Soil and Glaciers

Topics: Soil, Sand, Water Pages: 3 (630 words) Published: March 20, 2014

Soil and Glaciers Worksheet

From Visualizing Earth Science, by Merali, Z., and Skinner, B. J, 2009, Hoboken, NJ: Wiley. Copyright 2009 by Wiley. Adapted with permission.

Part 1

Size grades of soil are named sand, silt, and clay, which includes colloids. Size grades are defined using the metric system. Use Figure 4.8 from the textbook to fill in the following chart. Specify the type and size and description of the particle. In some cases, particle size will be less than some value or greater than another value. For instance, gravel is greater than 2.0 mm.

Name
Size
Description
Gravel
>2.0 mm
A loose aggregation of small water-worn or pounded stones.
Sand
0.05mm
A loose granular substance, resulting from the erosion of siliceous and other rocks. Silt
0.002mm
Fine sand, clay, or other material carried by running water. Clay
0.0001mm
A stiff, sticky fine-grained. Often forming layers in the soil. Colloids
0.00001mm
A homogeneous, noncrystalline substance consisting of large molecules or ultramicroscopic particles of one substance dispersed through a second substance.

Part 2

Soils have been classified according to a system developed by soil scientists and the U.S. Soil Conservation Service. Using this classification system of soil orders, pick two locations on Earth, one in your current area and another area, and describe the order and the conditions that define it. (See Figure 4.12 in the textbook.)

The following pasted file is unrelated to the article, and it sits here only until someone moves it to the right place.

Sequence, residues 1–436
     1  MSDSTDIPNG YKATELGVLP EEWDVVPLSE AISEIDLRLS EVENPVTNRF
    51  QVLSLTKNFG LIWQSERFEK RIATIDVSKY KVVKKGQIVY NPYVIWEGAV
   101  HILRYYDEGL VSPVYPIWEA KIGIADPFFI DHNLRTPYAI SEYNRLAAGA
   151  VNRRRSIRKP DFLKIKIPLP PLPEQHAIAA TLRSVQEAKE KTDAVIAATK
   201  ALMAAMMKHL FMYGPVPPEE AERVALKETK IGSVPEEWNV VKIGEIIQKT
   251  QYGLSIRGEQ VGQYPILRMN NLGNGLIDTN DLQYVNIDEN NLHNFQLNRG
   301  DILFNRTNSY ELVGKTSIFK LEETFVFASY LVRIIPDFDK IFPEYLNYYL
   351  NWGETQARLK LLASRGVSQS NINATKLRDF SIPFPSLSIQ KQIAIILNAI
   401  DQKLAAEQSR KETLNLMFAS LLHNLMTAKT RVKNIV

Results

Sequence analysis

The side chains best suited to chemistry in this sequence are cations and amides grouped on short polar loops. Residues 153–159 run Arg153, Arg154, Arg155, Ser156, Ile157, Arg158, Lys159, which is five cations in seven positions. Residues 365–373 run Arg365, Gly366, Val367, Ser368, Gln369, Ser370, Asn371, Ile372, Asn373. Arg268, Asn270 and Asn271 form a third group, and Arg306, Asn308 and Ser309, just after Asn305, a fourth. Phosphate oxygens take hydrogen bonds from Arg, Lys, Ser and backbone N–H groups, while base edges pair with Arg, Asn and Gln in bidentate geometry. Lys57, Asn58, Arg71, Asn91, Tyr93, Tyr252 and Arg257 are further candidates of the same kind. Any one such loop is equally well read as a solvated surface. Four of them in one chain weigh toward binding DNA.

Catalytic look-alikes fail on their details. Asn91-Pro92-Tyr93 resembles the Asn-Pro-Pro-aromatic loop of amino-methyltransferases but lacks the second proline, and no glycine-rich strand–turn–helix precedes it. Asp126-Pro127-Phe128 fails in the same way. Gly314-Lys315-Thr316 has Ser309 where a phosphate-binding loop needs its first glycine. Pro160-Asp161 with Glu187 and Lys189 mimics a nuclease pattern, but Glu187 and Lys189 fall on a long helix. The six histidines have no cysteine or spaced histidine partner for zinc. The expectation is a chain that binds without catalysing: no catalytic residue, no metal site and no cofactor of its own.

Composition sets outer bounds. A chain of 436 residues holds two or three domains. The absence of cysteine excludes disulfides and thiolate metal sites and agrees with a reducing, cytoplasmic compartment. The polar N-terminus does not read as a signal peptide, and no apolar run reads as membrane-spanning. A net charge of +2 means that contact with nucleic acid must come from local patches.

1. Entisols - Soils lacking horizons, usually because their parent material has accumulated only recently. 2. Vertisols - Soils of subtropical and tropical zones with high clay content and high base status. Vertisols develop deep, wide cracks when dry, and the soil blocks formed by cracking move with respect to each other.

Part 3

The five important soil-forming factors are indicated in the following table. Describe why these factors are important in the formation of soil.

Soil forming factor
Importance in soil...

References: page.
~ Glaciers are formed when snow builds up for several years from snowfall that exceeds snow melt. Over time, as new snow compresses the existing snow, the weight causes the snow underneath to turn to ice. The hardening effect is similar to what happens when you pack a snowball in your hand. The pressure from additional layers of snow builds for up to thousands of years. Glaciers can grow and shrink as a result of changes in the amount of snowfall or changes in the amount of melting because of warming. Changes in snowfall can result because of changes in the overall annual precipitation, or changes in the timing of the precipitation. Changes in melting can occur as a result of increased average annual air temperatures, and/or changes in the solar radiation. Melting will be affected if the glacier is covered by moraine, dust, or soot particles (increases heating, or an insulator).
Reference
http://www.buzzle.com/articles/how-do-glaciers-melt.html
http://www.icimod.org/?q=1179#5
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